One of the few things you can get my whole family to agree to watch on TV is dog agility competitions. The animals are trained to quickly pass through a series of obstacles at their owner’s command.
Apparently, people run their cats through obstacle courses as well.
Apparently, its a growing sport.
Apparently, I even missed Whoopi Goldberg running her cat through the course yesterday.
The only difference is these cats aren’t trained. This is one of those only-in-America, people-and-their-pets kind of things that you have to see to believe.
So how do you get the cats to run through the course? You kind of have to trick them.
“Oh they’re not following orders, absolutely not,” said Jill Archibald, head of feline agility for the Cat Fancier’s Association. “Cats, They have a committee and they come to an agreement and basically the consensus is ‘OK you’ve got a cool toy and I want to play with it.'”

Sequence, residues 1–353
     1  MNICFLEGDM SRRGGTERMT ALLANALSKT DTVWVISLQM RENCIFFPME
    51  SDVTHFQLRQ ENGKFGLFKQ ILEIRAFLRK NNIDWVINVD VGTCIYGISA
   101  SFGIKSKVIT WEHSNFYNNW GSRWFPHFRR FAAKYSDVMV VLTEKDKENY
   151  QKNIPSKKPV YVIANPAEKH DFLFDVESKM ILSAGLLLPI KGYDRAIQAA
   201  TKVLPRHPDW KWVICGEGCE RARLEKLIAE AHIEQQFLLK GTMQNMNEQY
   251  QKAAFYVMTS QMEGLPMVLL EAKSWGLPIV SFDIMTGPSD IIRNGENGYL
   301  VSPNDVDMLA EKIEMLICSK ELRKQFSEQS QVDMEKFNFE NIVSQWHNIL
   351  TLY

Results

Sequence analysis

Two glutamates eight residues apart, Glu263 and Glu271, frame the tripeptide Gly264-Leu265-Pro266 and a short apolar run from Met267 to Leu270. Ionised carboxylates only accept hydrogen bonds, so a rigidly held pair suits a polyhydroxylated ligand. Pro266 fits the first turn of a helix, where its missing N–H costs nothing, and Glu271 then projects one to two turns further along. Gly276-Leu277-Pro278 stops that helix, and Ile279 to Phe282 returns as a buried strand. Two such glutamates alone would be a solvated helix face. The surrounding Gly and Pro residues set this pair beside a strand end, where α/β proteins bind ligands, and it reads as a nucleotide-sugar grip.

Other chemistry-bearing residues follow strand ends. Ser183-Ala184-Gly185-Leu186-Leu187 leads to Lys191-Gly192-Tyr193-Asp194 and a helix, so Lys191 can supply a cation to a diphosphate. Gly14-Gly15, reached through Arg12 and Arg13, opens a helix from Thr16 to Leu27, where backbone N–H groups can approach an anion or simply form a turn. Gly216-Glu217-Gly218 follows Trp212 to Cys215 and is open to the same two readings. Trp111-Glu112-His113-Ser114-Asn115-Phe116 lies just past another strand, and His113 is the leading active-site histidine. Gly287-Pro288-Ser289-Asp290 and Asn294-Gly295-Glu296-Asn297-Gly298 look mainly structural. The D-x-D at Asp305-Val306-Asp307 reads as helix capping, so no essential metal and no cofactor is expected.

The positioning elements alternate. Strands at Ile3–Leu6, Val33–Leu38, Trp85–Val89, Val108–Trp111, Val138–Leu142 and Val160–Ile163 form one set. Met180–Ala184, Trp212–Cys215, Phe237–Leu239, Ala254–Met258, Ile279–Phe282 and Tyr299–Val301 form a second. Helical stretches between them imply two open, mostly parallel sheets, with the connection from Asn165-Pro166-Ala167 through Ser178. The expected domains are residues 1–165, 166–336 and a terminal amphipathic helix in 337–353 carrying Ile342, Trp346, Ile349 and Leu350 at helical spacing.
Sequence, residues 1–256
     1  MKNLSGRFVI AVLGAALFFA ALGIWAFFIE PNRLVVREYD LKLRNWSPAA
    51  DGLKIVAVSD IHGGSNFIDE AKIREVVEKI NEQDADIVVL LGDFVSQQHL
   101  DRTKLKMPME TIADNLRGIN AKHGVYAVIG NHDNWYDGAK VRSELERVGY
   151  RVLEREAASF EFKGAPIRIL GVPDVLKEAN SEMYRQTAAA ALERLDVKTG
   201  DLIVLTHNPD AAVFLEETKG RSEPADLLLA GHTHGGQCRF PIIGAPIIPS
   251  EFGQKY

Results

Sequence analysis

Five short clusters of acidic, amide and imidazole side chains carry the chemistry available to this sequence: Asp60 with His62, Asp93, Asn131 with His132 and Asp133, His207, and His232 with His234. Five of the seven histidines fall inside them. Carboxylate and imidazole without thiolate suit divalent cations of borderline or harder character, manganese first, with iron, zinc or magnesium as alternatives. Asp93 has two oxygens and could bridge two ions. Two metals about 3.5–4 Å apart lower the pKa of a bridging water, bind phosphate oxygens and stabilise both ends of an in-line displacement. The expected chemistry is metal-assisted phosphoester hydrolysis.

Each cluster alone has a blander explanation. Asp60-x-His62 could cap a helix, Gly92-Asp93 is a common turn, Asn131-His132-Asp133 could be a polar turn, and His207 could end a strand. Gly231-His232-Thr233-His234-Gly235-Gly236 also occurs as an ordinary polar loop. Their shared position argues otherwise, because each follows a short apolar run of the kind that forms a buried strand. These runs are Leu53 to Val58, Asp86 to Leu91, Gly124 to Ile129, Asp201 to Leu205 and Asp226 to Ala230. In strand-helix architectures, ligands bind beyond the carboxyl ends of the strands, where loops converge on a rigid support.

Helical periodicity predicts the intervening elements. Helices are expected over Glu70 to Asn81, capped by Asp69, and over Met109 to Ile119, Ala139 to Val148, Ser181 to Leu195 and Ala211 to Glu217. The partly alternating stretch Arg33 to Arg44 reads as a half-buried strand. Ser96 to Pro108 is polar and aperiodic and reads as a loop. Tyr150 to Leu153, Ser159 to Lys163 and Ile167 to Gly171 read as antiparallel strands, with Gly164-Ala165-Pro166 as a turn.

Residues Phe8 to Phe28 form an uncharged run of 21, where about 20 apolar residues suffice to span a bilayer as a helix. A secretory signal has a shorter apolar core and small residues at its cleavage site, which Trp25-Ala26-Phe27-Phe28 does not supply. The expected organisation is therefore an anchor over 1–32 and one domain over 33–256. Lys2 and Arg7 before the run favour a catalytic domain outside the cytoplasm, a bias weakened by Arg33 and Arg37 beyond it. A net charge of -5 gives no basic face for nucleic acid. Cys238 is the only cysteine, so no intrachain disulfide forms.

And the sport is serious. A CFA agility course consists of 10 obstacles which the cast must go under, over, around or through all while being timed. Archibald said there is about one competition a month.
Now why did I end up spending my Sunday watching feline agility demonstrations?
Weeks ago, my classmates and I were sent out to record a “process” with several interviews. The footage wasn’t spoken of for a couple weeks so I went ahead and deleted it. Bad call. Our instructor wanted us to edit it up for a later class so I had to shoot something new. I looked in the AP daybook for something and found the Cat Fancier’s Association and the American Kennel Club were putting on an exhibition called “Meet the Breeds” at the Jacob Jarvits Center in Midtown. It was funny being there, because only a month ago I had been at the same place to see my mother at an Amway expo.
Anyway, I figured I could find something story worthy with just about every dog and cat breed known to man in one giant room. I even saw Uno, the beagle who was crowned last year’s Champion at the Westminster Dog Show.
How’s that for a Sunday well spent?